Judicial System in Abu Dhabi
The judicial system in the UAE is functioning in a twofold legal frame work which includes local judiciary and federal judiciary. The relationship between the two systems is regulated by articles of the UAE Constitution (Articles 94 to 109). All emirates have Courts of First Instance and Courts of appeal, either federal or local, in addition to the Sharia Courts which mainly deal with the matters of personal status, such as marriage, divorce and inheritance, among others. The primary source of legislation is Sharia (Islamic Law), based on the Holy Qur’an and the traditions of the Prophet.
The judicial system in the country, both in its local and federal forms, has presented an excellent model for rule of law and separation of powers over years. The system has significantly contributed to the community safety, economic and social stability, public accountability and administrative transparency and efficiency.
Laws and Decrees
The development of laws in the UAE started with the birth of the UAE Union in 1971. A series of federal and local laws were developed with the purpose of regulating relations and ensuring the stability of transactions and the safety of society.
Federal laws are issued under the provisions of the UAE Constitution. Before becoming a law or a bill, draft law is prepared by the Cabinet and submitted to the Federal National Council, the fourth authority in the hierarchy of federal authorities, for its review, recommendations and amendments, if any. The bill is then submitted to the President of the country for approval and presentation to the Federal Supreme Council, the highest constitutional authority in the country for ratification. After the ratification by t he Council, the President signs it and issues the law.
Ordinary decrees are issued after approval by the Cabinet and the President, in accordance with their respective powers, and tare published in the Official Gazette. Ordinary decrees are used for matters vested in the President under the Constitution, including international treaties and appointments of some public officials.
Cabinet decisions are used for matters which do not require a law or a decree, but which is beyond the authority of an individual minster or the head of an institution. They are issued to regulate the work of government and to ensure the ministries and other institutions perform their functions according to the mandate.
The process of issuing local laws in Abu Dhabi emirate begins with the Executive Council referring a draft law to the National Consultative Council. As per Article No.6 of Law No. (2) of 1971, the Executive Council should present all local draft laws to the Consultative Council during its gathering to discuss the make recommendations. The draft law is then submitted to the Ruler of the Emirate to sign it and issue as a law.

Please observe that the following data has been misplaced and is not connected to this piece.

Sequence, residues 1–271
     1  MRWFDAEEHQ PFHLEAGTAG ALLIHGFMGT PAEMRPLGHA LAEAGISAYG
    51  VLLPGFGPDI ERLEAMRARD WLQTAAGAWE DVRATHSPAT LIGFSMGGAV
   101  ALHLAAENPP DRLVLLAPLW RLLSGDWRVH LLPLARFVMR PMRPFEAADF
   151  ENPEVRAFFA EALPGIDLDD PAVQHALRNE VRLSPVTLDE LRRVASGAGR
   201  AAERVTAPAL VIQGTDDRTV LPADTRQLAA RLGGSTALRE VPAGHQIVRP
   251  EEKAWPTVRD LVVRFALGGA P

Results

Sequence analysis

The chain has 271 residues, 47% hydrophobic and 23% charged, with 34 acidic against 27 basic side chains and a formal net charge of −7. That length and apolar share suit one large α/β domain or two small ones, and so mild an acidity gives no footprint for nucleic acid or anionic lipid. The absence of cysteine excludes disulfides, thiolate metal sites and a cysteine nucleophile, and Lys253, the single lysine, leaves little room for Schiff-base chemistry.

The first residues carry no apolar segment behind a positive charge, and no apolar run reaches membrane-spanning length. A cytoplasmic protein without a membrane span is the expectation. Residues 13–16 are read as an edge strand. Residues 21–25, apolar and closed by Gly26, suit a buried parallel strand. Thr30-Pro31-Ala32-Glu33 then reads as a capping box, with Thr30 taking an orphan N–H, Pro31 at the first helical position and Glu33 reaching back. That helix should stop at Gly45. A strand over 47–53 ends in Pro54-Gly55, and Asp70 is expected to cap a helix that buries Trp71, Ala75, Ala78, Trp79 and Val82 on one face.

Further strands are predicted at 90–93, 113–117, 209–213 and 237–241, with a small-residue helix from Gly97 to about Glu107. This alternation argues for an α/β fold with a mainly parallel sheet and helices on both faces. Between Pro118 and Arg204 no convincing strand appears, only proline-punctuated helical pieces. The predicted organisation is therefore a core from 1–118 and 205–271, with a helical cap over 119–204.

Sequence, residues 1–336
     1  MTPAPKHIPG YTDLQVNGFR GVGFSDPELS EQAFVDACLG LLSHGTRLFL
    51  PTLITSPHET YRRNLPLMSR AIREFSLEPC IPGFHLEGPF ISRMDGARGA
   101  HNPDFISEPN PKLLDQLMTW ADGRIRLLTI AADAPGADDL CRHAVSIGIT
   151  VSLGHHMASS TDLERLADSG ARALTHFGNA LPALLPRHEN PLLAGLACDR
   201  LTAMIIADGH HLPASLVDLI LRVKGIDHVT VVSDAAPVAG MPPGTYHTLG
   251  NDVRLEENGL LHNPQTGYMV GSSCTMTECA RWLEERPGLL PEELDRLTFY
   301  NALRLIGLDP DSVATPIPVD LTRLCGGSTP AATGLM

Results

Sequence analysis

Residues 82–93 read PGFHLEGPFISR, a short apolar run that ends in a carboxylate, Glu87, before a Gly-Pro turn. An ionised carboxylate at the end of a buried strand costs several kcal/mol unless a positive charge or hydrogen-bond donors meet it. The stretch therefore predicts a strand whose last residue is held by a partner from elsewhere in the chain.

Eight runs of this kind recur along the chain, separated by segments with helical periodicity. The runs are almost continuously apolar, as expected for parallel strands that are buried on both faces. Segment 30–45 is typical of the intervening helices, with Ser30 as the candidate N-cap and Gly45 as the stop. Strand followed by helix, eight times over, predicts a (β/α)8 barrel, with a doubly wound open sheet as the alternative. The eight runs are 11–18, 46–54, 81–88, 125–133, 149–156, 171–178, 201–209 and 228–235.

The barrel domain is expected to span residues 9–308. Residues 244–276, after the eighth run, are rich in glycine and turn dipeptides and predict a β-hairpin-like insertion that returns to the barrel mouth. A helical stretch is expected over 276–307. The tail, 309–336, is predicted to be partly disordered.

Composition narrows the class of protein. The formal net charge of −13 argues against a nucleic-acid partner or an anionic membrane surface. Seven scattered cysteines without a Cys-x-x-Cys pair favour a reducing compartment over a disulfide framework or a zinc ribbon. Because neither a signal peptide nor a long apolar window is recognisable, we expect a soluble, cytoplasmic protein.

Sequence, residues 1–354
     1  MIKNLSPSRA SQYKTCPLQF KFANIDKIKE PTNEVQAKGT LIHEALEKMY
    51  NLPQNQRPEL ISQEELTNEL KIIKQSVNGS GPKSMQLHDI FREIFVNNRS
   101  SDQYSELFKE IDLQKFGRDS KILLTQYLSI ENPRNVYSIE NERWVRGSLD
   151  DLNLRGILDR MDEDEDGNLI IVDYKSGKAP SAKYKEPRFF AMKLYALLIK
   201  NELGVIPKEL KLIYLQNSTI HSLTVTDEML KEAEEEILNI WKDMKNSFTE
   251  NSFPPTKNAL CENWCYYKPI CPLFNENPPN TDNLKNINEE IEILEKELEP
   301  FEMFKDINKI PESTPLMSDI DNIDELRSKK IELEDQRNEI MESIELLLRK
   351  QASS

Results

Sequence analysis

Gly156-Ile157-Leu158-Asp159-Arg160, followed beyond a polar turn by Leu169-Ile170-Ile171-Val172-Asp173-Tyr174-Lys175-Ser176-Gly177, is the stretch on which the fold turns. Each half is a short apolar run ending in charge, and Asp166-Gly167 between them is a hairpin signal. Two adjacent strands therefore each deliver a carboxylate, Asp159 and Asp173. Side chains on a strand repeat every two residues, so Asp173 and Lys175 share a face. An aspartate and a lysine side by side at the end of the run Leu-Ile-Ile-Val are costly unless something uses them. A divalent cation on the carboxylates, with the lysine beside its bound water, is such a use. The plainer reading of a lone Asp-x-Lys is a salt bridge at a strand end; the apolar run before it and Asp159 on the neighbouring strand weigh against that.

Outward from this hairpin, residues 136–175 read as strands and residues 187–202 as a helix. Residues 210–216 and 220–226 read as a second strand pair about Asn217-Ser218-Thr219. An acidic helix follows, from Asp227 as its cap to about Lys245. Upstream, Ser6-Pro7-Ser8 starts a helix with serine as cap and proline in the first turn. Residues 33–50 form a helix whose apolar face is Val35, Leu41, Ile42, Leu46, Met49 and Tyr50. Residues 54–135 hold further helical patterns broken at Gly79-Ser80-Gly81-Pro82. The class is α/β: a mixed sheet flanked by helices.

Local Judicial System
According ot the UAE Constitution, each of the seven emirates has the right to either join the federal judicial system or to maintain its own judicial system. The local judicial authorities in each emirate can look into any judicial matters not assigned to the federal judiciary under the provisions of the Constitution. The jurisdiction of local judiciary covers 80 per cent of the country’s area and nearly 75 per cent of the nation’s entire population.
Abu Dhabi Courts
Abu Dhabi Courts were formed under the Law No (23) of 2006 which restructured Abu Dhabi Judicial Department (ADJD). Abu Dhabi Court System follows three stages of litigation, Court of Cassation. The courts report to the Judicial Council. Each court is presided over by a President supported by a number of judges and administrative staff.
The federal judiciary in the UAE began in 1973 with the issuance of the Federal Law No. (10) of 1973 establishing the Federal Supreme Court. The federal judiciary comprised the Federal Supreme Court, Federal First instance Courts and Federal Appeal Courts.
Federal Supreme Court
The Federal Supreme Court is the highest federal judicial authority in the country and Abu Dhabi is the seat of federal Supreme Court (Court of Cassation). The Federal Supreme Court consists of a President and a maximum number of five judges appointed by a decree issued by the President of the UAE, after approval by the Supreme Council. The rulings of the Federal Supreme Court are final and binding on all.
Source: Morison Menon